They’re in the playoffs, and they’re as close to having the No. 1 seed throughout the NFC bracket as you can get without clinching. They’ve got two games to go, both of them here. Win once more — here we note that the Falcons meet the NFL’s worst team, Carolina, in the regular-season finale Jan. 2 — and they won’t play anywhere but here until February.
And that’s the way it ought to be. If you’re looking for the NFL’s best overall team, it’s Atlanta. (And if you’re wondering when last we could say that about the Falcons with any conviction, the answer would be, “Um … never.”)
The Patriots have a fabulous offense, but their defense entered the weekend as the league’s fifth-worst. Maybe Tom Brady is good enough to override that failing, but at some point a championship team has to stop somebody. (Doesn’t it?) The Ravens are stout, but the Falcons have beaten them. The Falcons lost to the Steelers, but that was before the local team figured out how good it could be.The Jets are more a TV show than a Super Bowl winner. Those are the only AFC teams worth mentioning.
As for the NFC: The Giants just blew a 21-point lead in a prove-it game, meaning they proved they don’t belong among the elite. The Saints lost in Baltimore on Sunday, solidifying the season-long belief that the reigning champs are indeed last year’s team. The Bears lead the NFC North but don’t seem a threat. But there’s one team that does.
Given the Falcons’ run of last-gasp victories and their absence of serious injuries, this has been a charmed season for the franchise that, 45 years on, hasn’t known many. These Falcons don’t dazzle you with footwork; they just hammer you with basics. They’re not rattled by an opponent’s quick start. They’re not rattled by anything. That said …
The Philadelphia Eagles are coming fast. (Emphasis on “fast.” Those guys can really run.) They weren’t supposed to lead the NFC East with two games to go — back in September, Dallas and the Giants were the touted teams — and however the Eagles fared was supposed to hinge on new quarterback Kevin Kolb.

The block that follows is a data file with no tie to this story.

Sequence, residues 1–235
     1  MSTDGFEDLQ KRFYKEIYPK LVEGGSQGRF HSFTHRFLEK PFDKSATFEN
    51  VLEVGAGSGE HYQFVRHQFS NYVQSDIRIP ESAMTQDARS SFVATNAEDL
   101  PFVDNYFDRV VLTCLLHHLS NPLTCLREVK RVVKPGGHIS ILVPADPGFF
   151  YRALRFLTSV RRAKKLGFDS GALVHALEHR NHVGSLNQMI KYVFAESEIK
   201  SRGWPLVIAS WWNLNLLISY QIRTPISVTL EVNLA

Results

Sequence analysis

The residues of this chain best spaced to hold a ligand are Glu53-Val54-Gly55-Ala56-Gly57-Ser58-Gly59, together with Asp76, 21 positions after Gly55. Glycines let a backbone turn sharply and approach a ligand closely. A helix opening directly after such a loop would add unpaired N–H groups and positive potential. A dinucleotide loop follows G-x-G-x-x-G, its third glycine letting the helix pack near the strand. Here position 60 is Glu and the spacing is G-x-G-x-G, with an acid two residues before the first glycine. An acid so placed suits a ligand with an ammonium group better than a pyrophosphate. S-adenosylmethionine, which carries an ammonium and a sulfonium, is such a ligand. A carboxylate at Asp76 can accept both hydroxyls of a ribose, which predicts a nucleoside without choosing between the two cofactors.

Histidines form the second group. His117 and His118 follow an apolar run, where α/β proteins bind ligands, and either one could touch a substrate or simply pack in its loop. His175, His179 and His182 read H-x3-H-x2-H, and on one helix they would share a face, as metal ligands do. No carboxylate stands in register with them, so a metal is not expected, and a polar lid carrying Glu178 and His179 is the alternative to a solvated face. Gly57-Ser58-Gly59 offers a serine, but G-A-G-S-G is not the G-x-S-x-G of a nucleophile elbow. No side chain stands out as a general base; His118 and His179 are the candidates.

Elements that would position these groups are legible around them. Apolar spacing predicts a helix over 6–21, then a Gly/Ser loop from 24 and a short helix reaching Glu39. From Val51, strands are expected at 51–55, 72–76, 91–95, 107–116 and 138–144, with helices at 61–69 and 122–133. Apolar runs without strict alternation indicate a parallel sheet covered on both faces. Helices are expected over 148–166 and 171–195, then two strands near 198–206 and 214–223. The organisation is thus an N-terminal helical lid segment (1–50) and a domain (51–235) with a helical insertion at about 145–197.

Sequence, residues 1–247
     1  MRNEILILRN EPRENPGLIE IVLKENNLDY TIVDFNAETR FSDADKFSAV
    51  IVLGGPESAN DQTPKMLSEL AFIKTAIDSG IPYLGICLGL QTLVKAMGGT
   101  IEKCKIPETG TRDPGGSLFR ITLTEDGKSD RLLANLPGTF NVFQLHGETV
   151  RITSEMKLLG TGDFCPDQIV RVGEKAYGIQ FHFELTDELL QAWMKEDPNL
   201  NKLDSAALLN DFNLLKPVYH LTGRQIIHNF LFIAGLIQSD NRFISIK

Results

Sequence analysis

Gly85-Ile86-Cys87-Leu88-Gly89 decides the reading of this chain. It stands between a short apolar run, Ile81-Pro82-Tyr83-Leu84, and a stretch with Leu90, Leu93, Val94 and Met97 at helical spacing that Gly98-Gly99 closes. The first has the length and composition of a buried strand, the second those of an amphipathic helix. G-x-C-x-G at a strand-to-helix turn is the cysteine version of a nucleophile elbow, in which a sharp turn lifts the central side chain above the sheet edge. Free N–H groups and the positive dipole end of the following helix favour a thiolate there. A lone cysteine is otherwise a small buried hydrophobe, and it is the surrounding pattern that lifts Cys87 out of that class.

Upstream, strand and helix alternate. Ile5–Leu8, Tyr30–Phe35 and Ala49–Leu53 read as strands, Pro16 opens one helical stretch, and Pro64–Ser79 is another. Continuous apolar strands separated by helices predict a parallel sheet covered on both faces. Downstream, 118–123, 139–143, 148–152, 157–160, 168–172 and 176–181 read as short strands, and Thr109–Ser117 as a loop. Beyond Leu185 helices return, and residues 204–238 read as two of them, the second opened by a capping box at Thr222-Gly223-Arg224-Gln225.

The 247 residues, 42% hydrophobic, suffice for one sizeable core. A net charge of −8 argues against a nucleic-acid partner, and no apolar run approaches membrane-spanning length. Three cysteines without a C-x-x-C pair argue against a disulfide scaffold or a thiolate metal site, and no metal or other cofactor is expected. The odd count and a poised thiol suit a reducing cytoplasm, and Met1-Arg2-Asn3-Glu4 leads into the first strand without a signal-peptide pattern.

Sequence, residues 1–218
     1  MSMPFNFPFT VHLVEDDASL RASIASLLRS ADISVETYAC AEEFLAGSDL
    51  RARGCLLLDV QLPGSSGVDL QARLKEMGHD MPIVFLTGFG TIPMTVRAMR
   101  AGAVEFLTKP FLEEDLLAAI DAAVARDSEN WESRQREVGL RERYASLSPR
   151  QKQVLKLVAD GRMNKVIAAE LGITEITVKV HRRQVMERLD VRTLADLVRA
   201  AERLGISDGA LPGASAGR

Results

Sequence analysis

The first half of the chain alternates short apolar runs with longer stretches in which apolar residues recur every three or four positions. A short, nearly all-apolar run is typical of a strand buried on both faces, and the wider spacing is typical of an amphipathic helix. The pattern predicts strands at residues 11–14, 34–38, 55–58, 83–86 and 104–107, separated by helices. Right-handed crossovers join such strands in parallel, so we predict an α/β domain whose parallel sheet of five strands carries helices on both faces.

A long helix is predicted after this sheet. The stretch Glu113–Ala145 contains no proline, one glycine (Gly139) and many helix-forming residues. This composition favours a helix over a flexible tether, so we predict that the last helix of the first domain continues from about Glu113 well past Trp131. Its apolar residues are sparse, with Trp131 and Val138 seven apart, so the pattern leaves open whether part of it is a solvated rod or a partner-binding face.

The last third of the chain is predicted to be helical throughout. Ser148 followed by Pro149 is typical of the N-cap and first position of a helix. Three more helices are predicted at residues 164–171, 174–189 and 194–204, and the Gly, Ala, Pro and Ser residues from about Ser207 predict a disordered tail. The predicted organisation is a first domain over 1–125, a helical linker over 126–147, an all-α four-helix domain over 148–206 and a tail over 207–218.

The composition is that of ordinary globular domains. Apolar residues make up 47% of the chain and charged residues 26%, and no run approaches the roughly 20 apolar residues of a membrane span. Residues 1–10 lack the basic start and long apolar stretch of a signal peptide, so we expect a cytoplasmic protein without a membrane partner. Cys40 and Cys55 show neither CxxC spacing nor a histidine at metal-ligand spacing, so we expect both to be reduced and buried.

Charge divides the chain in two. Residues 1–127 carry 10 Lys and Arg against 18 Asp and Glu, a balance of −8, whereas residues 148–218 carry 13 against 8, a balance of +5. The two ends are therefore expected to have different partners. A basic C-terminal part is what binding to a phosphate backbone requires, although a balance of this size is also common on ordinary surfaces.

Two weeks into the season, the Eagles had a new new quarterback. Andy Reid, the low-key coach, chose to elevate Michael Vick to No. 1 after saying repeatedly he would not. (Kolb had gotten hurt in the opener.) The Eagles made the announcement via a mass text message at 6 p.m. on a Tuesday night. At a Wednesday briefing Reid faced an enraged Philly media, which demanded to know why it should ever trust him again.
Today the Eagles are at worst the NFC’s second-best team, and they’ve already beaten the Falcons on a day when Vick didn’t play. (Question for a rainy afternoon: Are the Eagles deeper at quarterback than the Phillies are in starting pitching?) The Eagles are having a season kissed by the angels, same as the Falcons. You know something strange is happening when, as happened Sunday, a Vick-fueled Philly rally enables his former team to clinch a playoff berth.
So now we ask: Is it possible to have two teams of destiny? If so, which one wins?
Speaking last week, the former Falcon great Jessie Tuggle said: “I’m a little biased, but I think [the Falcons are] the best team in the NFC.”
Then, after a pause: “But Philadelphia could push them.”
Think about it. Jan. 23, 2011: The Georgia Dome stages its first conference championship game, and who should be the opposing quarterback? Only the guy who used to pack the place.
Me, I’m thinking that would be the toughest ticket in the history of Atlanta sports, above even Muhammad Ali’s comeback fight against Jerry Quarry in October 1970. And I’m also hoping it doesn’t happen for a selfish reason: The profession I’ve chosen would be rendered null and void, at least for that week.
If ever a story could write itself, it’d be this: Michael Vick returns to Atlanta, a Super Bowl on the line. Nuff said.